A mixed-race Desi from the southeastern so-called U.S., Ruddy provides direct action climb trainings for Earth First!, Greenpeace, at Trans and Women’s Action Camps, and tree climbing to the public as recreation. Ruddy has also been an Everglades Earth First! (EEF!) organizer since 2007. Through EEF! She provides direct action trainings and has worked with various coalitions on fighting energy infrastructure and biotech projects in “FL”.
Orin Langelle is a photojournalist and the Director of Langelle Photography.
Since 1972, Langelle has documented peoples’ resistance to war, corporate globalization, ecological destruction, and human rights abuses as a concerned photographer.
He also co-founded Global Justice Ecology Project. In 2004 he co-founded the first campaign to stop GE trees and in 2014 co-founded the new Campaign to STOP GE Trees.
Anne Petermann is the Executive Director of Global Justice Ecology Project. She is also the Coordinator of the Campaign to STOP GE Trees; the North American Focal Point for the Global Forest Coalition; and a member of the Board of Directors of the Will Miller Social Justice Lecture Series.
She has been involved in movements for forest protection and Indigenous rights since 1991, and the international and national climate justice movements since 2004. She co-founded the Eastern North American Resource Center of the Native Forest Network in 1993, and the STOP GE Trees Campaign in 2004. She also participated in the founding of the Durban Group for Climate Justice in 2004 and Climate Justice Now! in 2007 at the Bali UN Climate Conference. In 2008, Global Justice Ecology Project spearheaded the founding of the North American Mobilization for Climate Justice.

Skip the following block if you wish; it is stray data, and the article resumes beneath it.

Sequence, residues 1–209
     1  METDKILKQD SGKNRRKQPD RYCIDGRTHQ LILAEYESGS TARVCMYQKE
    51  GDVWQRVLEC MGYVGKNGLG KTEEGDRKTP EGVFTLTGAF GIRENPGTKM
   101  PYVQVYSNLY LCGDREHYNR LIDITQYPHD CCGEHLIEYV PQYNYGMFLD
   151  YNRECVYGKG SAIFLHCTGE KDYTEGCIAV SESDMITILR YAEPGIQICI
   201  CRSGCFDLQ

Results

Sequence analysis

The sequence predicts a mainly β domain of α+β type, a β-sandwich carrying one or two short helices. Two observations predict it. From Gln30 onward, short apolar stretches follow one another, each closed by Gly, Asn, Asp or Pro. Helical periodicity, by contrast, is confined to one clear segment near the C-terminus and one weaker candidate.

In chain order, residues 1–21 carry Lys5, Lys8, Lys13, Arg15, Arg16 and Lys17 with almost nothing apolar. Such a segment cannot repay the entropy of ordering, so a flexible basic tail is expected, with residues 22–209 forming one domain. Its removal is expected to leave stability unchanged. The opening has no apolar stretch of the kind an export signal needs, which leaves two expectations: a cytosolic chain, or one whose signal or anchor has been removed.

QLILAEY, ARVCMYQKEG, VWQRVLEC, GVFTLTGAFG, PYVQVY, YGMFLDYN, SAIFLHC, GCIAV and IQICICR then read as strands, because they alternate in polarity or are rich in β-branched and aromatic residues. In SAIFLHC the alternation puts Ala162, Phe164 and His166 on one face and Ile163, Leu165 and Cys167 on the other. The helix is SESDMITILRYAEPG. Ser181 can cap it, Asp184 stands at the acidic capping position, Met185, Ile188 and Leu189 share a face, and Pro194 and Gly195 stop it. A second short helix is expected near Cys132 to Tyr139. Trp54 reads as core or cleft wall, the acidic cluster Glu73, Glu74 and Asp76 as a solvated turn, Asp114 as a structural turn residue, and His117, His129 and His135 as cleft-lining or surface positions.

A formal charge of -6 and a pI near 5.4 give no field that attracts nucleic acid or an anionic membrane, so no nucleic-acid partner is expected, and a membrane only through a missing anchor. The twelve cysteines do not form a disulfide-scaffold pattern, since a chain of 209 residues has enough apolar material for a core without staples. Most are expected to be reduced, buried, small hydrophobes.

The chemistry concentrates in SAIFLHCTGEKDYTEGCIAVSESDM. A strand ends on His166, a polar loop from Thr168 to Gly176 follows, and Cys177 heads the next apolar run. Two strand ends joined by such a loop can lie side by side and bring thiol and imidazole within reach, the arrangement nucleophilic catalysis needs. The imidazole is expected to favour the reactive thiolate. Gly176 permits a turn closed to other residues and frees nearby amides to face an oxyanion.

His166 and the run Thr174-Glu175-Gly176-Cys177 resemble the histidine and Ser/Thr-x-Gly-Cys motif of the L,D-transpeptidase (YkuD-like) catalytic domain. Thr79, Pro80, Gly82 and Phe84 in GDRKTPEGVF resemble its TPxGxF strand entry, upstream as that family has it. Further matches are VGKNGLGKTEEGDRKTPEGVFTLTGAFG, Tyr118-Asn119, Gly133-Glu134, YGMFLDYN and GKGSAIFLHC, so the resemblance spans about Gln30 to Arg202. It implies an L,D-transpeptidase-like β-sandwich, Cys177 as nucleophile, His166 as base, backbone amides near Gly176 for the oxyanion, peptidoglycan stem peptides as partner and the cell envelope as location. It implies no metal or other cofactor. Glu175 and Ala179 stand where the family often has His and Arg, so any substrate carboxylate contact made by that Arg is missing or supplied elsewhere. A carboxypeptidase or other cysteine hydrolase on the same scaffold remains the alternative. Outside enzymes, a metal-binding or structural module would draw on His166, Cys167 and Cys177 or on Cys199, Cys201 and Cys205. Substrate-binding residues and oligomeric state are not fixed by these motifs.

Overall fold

Anne speaks around the world about climate justice and against socially and environmentally destructive “false solutions” to climate change. She is also a foremost expert on the destructive social, ecological and climatological impacts of genetically engineered trees, and also speaks about the impacts of second generation biofuels made from wood.
She presents on these subjects at capacity-building trainings for indigenous peoples, and at conferences including the UN Framework Convention on Climate Change, the UN Convention on Biological Diversity, the UN Forum on Forests, and the UN Permanent Forum on Indigenous Issues.
She is the author of several reports detailing the dangers of genetically engineered trees, and second generation cellulosic biofuels, including their impacts on forests and forest dependent peoples. She is also a frequent contributor to Z Magazine.
She was adopted as an honorary member of the Saint Francis-Sokoki band of the Abenaki in 1992 due to her work in support of their struggle for state recognition.
In 2000 she received the Wild Nature Award for Activist of the year.
Steve Taylor worked as a United States Congressional press secretary from 2000 to 2012. He also worked as a registered lobbyist within the Missouri State Legislature from 1995 to 2000 fighting the expansion of the predatory gambling industry in Missouri.
Taylor won the Leo and Kay Drey Award for Leadership from the Missouri Coalition for the Environment for his founding and work of the Times Beach Action Group, which monitored and exposed fraud surrounding the remediation and incineration of waste from 27 Missouri dioxin sites. Taylor began his environmental work as an activist who fought clearcutting of hardwood stands in the Shawnee National Forest in the early 1990s.
Steve has a Bachelor’s degree in physics, and a Master’s degree in Mathematics and has worked as an instructor at the college and university level. Serving on the negotiating team, Taylor was instrumental in establishing the adjunct union at St. Louis Community College.